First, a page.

|Publisher:||Cornell University Press|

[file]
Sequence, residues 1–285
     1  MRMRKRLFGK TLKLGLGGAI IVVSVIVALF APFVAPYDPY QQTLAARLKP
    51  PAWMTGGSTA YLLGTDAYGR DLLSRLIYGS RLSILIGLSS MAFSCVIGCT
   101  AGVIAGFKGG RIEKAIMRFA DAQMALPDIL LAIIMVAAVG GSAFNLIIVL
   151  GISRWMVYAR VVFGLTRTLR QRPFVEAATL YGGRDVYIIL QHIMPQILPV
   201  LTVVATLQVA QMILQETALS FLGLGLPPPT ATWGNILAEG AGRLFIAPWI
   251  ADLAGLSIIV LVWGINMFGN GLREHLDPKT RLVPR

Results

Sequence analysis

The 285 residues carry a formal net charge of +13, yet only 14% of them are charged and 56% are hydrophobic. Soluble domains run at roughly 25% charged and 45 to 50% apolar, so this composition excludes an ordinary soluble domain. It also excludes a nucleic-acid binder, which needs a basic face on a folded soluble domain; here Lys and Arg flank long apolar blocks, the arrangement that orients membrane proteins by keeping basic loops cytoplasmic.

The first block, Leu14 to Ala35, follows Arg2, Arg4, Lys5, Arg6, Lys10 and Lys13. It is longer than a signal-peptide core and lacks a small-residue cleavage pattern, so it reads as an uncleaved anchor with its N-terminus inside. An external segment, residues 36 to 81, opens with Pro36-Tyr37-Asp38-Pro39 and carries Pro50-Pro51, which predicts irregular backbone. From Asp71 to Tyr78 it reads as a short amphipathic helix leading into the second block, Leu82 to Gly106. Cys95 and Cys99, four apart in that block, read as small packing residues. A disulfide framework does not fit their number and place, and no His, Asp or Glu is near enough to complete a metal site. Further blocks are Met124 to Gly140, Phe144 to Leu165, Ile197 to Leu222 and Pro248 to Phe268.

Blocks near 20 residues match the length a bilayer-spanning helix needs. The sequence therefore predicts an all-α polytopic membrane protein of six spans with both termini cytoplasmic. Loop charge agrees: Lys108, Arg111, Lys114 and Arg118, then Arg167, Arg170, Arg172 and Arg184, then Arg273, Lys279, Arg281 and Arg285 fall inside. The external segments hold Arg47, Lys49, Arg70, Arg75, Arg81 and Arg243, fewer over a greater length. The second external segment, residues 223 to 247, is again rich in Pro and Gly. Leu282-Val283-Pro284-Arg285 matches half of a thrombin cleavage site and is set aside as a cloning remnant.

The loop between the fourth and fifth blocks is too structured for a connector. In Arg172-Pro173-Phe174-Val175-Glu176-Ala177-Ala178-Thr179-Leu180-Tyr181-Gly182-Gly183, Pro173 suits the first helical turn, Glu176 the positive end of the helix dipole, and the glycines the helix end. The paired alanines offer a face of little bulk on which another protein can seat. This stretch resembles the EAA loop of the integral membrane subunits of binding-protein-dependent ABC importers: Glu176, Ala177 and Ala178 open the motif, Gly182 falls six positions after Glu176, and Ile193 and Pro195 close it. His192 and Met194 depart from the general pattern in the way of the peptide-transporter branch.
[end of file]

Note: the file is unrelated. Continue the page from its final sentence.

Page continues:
In tobacco fields, auto and radio factories, cigarmakers' tenements, textile mills, print shops, insurance companies, restaurants, and bars, notions of masculinity and femininity have helped shape the development of work and the working class. The fourteen original essays brought together here shed new light on the importance of gender for economic and class analysis and for the study of men as well as women workers. After an introduction by Ava Baron addressing current problems in conceptualizing gender and work, chapters by leading historians consider how gender has colored relations of power and hierarchy--between employers and workers, men and boys, whites and blacks, native-born Americans and immigrants, as well as between men and women--in North America from the 1830s to the 1970s. Individual essays explore a spectrum of topics including union bureaucratization, protective legislation, and consumer organizing. They examine how workers' concerns about gender identity influenced their job choices, the ways in which they thought about and performed their work, and the strategies they adopted toward employers and other workers. Taken together, the essays illuminate the plasticity of gender as men and women contest its meaning and its implications for class relations. Anyone interested in labor history, women's history, and the sociology of work or gender will want to read this pathbreaking book.